"When I opened my eyes, I saw three Taliban armed with Kalashnikovs who were waking the prisoners”. They guided us to the top of the hole and we all got in, one after another. There were lights inside the tunnel and also a pipe which I think was carrying air. It took us around half an hour to reach the other end,” he claimed.
After emerging from the tunnel into the safe house, he tried to flee to his cousin's home in Kandahar city in search of food and clothing. But as he reached his safe haven, people and police became suspicious of him as he was barefoot and his clothes were stained with mud from the tunnel and they arrested him.
A second prisoner, Jaan Mohammad, insisted he was not a Taliban and was forced to escape. "They pointed their guns towards us and warned that we either go or they will shoot us, so we went," he said.
"The air inside the tunnel was very heavy and I felt like choking. At the other end of the tunnel, there were eight or nine people who told us to disperse and leave. I went to a village and hid myself among the wheat fields there but people saw me and they informed the police, who later arrested me,” he claimed.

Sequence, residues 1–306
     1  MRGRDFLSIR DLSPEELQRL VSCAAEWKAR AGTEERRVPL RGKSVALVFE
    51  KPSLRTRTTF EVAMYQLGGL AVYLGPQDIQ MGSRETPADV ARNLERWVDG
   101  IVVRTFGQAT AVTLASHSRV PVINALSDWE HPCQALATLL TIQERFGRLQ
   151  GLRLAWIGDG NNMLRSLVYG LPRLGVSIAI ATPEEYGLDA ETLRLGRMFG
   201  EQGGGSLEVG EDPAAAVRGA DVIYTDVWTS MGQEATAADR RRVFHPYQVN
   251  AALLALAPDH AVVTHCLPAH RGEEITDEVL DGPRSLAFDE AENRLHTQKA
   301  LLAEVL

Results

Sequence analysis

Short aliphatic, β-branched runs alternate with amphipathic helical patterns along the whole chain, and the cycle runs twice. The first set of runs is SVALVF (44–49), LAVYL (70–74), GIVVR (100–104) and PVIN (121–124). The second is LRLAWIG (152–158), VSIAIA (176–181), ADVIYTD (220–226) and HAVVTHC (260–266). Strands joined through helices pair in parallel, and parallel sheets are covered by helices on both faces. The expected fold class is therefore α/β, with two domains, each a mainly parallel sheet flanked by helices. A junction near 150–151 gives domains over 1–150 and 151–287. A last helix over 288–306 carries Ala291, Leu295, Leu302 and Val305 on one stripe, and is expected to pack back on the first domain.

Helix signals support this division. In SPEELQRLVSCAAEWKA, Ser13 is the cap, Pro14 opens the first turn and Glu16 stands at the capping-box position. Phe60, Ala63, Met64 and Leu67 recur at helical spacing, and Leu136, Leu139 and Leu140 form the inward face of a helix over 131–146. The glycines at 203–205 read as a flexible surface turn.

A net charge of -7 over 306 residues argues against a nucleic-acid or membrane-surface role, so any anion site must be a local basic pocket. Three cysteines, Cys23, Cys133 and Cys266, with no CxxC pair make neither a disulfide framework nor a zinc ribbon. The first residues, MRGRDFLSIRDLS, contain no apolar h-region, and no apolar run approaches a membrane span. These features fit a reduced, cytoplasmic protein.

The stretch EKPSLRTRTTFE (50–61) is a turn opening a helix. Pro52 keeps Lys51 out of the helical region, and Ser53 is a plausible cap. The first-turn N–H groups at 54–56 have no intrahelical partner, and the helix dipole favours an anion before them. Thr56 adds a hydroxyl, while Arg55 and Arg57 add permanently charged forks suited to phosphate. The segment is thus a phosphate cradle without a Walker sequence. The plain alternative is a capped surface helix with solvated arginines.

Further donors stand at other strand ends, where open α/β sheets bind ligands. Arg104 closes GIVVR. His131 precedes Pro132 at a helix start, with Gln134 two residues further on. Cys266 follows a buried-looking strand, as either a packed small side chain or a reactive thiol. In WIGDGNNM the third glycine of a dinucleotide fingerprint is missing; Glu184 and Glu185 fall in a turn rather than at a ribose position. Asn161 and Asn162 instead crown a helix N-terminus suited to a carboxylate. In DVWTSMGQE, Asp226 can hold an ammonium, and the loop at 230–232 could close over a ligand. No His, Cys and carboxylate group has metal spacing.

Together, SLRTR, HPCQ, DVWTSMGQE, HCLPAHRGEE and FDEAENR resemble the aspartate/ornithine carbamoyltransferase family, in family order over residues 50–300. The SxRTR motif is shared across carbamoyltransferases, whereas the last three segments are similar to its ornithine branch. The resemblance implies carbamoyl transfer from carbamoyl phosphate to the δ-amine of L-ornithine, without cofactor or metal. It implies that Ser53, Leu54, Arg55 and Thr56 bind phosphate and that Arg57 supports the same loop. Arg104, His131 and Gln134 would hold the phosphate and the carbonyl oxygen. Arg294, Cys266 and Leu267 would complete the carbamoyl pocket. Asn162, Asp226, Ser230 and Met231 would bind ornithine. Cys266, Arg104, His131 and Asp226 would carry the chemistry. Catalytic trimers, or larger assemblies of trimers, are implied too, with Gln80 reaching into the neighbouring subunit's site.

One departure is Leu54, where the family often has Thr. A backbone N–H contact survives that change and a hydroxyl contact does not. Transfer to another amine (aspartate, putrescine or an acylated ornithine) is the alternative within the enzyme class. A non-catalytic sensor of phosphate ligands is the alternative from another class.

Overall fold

A third man, a Taliban fighter Hamid Gul, said he knew an escape was forthcoming.
"It was later in the night that we realized it was time as we heard some noise. The doors of our cell are not usually locked, so we easily got out and went to the tunnel. I was told to go to Arghandab district (elsewhere in Kandahar province) and join the Taliban there but I was detained by police inside Kandahar city," he said.
But there is no ignoring the fact that the Taliban had pulled off a daring success right under the noses of Afghan and NATO officials.
In another statement, the Taliban boasted that "the most astonishing thing" was that the escape had taken four-and-a-half hours, finished at 3.30am but went unnoticed until four hours later.